Study from Oil Change International reveals biggest culprits in bankrolling overseas projects using dirtiest energy source
By Alex Pashley
The world’s wealthiest economies are pumping billions of dollars in public finance into coal power plants and mines abroad, running counter to their commitments to curb global warming, a report has said.
The OECD, a rich club of nations, gave almost half of the $73 billion approved between 2007-2014, bankrolling investment in the world’s dirtiest energy source.
Japan was the worst offender, spending $20 billion, said the report by campaigners Oil Change, WWF and the Natural Resources Defense Council, in a comprehensive overview of the little-publicised practices.
More than 80% of coal, half of natural gas and a third of oil reserves must stay in the ground to limit temperature rise to 2C – an internationally agreed aim.
After the OECD’s financing mainly through credit export agencies, Russia and China’s institutions followed with 23% of the finance. Multilateral development banks came next with 22%.
“If not for countries like Japan, Korea and Australia standing up for their coal industry friends, the OECD would, foll have already moved to eliminate export financing for coal,” Stephen Kretzmann, Executive Director of Oil Change International.
“Instead of moving forward to support clean energy development and a climate-safe future, these countries are blocking progress while secretly propping up a dying industry.”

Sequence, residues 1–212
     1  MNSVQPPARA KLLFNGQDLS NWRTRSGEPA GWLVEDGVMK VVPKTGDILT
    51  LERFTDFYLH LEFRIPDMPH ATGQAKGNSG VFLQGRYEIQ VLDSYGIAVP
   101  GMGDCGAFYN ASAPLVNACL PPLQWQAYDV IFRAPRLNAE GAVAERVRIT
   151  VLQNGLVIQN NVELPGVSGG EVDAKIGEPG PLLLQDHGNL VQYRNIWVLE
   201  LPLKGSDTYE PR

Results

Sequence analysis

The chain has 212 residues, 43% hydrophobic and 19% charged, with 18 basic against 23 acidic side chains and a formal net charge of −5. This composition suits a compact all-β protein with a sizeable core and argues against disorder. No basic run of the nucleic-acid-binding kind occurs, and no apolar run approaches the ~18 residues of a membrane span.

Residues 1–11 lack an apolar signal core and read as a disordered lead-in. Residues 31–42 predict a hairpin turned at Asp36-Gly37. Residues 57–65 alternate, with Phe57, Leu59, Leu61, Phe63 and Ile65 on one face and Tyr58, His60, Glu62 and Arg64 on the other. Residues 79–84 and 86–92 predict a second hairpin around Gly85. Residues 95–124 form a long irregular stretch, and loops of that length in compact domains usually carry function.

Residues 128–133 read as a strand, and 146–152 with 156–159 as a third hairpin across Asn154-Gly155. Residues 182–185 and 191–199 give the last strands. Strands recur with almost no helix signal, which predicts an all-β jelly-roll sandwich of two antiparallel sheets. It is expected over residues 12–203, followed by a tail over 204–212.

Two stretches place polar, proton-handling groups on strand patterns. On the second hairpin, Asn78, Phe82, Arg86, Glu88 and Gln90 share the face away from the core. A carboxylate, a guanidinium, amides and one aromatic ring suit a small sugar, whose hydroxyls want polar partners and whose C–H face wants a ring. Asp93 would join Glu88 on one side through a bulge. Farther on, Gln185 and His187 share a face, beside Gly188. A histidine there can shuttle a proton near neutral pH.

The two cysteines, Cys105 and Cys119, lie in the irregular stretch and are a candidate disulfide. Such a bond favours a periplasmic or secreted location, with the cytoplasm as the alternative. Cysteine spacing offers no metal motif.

The report calls for an end to coal financing and seeks to put pressure on heads of state meeting at OECD and G7 summits in the next week.
Appearing to contradict a claim that export finance is used to fight poverty in developing countries, the report says zero export finance has gone to ‘low income countries’, with a quarter going to high-income countries.
The report says international public finance for coal over the period caused as much pollution as Italy, the world’s 20th emitter of greenhouse gases.
Export credit agencies give guarantees to domestic companies when investing overseas. A type of insurance policy that protects an exporter against default, they provide capital.
Fossil fuel subsidies are set to hit $5.3 trillion in 2015, says the IMF.
“Many developed country governments that push for ambitious climate action are simultaneously funding coal abroad.” said WWF’s Global Climate and Energy initiative leader Samantha Smith. “They cannot do both and be credible.”